Learning, Naturally

So much well-founded criticism of our education system has been levelled in various places and by various well- and lesser-known persons that we can confidently take this societal self-diagnosis seriously, despite all caution about fake news. And yet it seems to me that only a minority does, although nothing less than our future is at stake. Nothing new, you may say. Learning is something that simply goes without saying after all.  Of course learning is part of life. Of course we learn throughout our lives. Of course the education system should make our children fit for life. Learning is in our nature after all, isn’t it?

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Watershed moment or do we just carry on regardless like lemmings?

In the current climate (sic) of doom and gloom I have been struck by the special nature of our predicament. I am among the first to groan inwardly if I hear that clichée “The Chinese word for problem is the same as for challenge.” Actually, my research revealed that the Chinese word 问题 “wenti” is usually translated as problem or question. But then I always assumed it was another of those urban myths, like the Inuit having 357 different words for snow. But I digress…

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The value of work

A few days ago, I received an email from LinkedIn inviting me to participate in a survey. The title of the mail said: Beate, what do you find valuable about your work? – “Good question!” – I thought to myself. I hadn’t thought about that for a long time. Yet this is certainly one of the central questions when it comes to what activities and in what functions someone feels “in the right place” – and in which they do not.

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Shaping the career exit

This is another contribution by our guest author Christoph Henties, who is no stranger to loyal readers of the harlekin.blog. Thank you, Christoph!

Planning the next step

The End is My Beginning is the title of the autobiographical Spiegel bestseller by Tiziano Terzani. The book is a hymn to the possibility of being what you want to be. The journalist and writer begins a wonderful conversation about the venture of freedom, about courage, love, sickness and grief, about transience, moments of beauty and how you can learn to let go.

A fresh start at work is not easy. Replacing well-known structures and organisations with familiar people with something new and developing curiosity for the unfamiliar is a challenge. Anyone who has changed jobs more often will find it easier.

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Eyes wide open when choosing a profession!

Vocational Helpsheet from the Federal Job Center: Civil servant at federal institutions  (senior and executive, non-technical grades) 

Do you still remember the “Vocational Helpsheet”?  These brown and white booklets from the Federal Job Centre were THE source of information on “what I want to be when I grow up” – at least at the time when I was tackling this question. A profession was presented in detail in each booklet and the fact that ultimately there were “only” about 700 titles to choose from makes it clear how challenging the choice was.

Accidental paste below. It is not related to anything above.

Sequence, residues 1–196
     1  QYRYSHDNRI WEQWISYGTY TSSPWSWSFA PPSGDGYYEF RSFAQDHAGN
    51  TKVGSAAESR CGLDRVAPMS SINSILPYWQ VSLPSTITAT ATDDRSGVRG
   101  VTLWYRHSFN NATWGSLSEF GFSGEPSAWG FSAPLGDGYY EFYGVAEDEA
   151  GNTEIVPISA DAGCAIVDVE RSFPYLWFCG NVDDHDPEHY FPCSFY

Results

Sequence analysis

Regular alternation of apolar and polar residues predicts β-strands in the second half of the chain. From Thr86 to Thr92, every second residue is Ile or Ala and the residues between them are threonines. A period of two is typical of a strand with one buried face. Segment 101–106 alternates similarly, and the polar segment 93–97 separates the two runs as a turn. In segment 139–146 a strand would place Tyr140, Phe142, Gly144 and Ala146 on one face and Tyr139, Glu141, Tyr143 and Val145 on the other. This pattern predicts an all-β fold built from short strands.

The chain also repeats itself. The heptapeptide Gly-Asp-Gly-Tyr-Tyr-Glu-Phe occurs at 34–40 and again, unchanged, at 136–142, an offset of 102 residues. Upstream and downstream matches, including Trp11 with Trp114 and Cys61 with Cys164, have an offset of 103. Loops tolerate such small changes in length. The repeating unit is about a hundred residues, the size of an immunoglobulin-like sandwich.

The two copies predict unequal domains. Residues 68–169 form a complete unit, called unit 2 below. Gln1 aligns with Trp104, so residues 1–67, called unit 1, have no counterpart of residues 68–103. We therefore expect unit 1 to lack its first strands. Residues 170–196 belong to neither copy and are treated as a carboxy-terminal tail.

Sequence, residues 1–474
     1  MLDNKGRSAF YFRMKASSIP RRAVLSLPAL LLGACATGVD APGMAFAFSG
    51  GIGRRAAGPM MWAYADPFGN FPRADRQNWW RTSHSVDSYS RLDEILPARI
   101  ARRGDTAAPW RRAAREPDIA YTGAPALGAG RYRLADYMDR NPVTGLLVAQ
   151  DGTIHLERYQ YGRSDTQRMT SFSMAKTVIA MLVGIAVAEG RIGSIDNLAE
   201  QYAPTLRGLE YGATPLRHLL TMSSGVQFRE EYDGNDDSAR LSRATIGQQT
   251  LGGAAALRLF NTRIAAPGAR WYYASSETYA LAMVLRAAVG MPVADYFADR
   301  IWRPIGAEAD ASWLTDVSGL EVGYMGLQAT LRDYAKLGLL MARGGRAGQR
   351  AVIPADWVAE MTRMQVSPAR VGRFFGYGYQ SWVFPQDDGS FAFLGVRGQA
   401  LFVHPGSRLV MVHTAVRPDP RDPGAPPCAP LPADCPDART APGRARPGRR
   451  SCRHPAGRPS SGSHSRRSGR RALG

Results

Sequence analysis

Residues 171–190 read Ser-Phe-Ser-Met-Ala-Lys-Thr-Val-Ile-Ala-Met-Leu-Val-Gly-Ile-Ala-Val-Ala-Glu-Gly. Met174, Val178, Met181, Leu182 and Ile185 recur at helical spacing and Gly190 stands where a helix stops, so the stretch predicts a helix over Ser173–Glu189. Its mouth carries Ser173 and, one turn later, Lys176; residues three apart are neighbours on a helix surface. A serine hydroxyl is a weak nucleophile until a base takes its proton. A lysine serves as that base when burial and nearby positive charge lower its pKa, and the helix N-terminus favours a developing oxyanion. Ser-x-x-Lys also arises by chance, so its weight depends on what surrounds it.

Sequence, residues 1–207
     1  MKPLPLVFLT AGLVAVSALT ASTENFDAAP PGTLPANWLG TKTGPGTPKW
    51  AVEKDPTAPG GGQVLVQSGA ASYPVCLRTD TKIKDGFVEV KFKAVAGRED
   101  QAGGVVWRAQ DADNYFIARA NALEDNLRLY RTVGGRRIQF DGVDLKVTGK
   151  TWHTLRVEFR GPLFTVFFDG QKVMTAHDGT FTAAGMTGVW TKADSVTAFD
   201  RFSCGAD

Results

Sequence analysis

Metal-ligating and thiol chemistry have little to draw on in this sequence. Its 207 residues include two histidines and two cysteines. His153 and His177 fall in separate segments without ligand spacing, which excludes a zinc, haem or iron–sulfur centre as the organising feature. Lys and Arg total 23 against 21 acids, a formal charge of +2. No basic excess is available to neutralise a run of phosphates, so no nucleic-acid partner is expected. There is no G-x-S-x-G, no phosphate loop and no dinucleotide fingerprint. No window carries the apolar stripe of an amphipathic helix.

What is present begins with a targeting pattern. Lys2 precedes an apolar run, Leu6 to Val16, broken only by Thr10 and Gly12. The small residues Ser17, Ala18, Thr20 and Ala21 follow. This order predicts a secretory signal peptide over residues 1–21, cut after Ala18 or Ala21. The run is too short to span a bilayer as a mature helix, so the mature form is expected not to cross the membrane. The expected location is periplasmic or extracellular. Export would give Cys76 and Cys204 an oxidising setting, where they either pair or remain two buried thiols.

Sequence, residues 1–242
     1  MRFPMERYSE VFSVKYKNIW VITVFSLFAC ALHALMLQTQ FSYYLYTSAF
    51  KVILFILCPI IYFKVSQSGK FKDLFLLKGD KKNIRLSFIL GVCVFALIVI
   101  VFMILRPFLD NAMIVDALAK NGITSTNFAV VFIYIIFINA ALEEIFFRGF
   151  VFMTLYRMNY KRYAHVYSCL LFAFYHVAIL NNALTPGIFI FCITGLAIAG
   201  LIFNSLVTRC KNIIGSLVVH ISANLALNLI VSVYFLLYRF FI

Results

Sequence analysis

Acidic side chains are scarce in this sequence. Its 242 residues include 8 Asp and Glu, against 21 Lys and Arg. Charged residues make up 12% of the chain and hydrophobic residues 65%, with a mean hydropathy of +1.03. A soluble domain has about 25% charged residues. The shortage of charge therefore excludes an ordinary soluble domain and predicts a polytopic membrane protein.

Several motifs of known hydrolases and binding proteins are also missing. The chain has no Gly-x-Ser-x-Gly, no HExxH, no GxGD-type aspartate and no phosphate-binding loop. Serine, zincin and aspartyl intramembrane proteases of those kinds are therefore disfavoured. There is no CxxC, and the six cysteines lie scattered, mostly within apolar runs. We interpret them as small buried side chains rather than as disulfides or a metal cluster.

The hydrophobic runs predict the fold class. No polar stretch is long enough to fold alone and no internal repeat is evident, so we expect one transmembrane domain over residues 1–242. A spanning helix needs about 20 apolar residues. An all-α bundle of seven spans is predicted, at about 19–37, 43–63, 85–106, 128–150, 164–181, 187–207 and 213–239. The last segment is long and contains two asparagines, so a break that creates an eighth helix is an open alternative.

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About company takeovers – and those taken over

Part 2: The integration phase

During the integration phase in the first months after a company takeover, the new employees can expect to experience all levels of emotion, from absolute nightmare to permanent elation. Much depends, of course, on how satisfied you were with the “old” company. If you have been complaining about decision-making inertia or even inability there for years, you may be pleased with the dynamism you encounter in the new company.

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The unromantic start of a relationship

About company takeovers – and those taken over (Part 1)

According to Manager Magazin, more than 2000 German companies were acquired in 2021 – despite Corona.(1)  This not only involves huge financial transactions, but also employees who suddenly have a new employer on “D-Day”. And – in contrast to changing companies by applying for a job – they did not choose it themselves.

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Plato had it, Einstein had it, I still have it…

What might we be talking about here? Perhaps you have already guessed. Yes, it’s the brain. That wrinkly grey mass of just about 3 lbs. Just imagine: if mine were lying next to those of Plato and Einstein, no one would be able to correctly identify them. In terms of our basic biological make-up, we don’t differ at all. From a different point of view, we do, and quite considerably. I can neither conceive of the world of thought of Mr Plato nor reproduce the genius of Mr Einstein. Although I have one too, I honestly never felt the need to be able to do so. But with this part of the body, in which reason and understanding and other things are supposed to reside, really incredible feats can be performed. It is one thing that we all have one. It’s another thing how we manage it. Let’s see…

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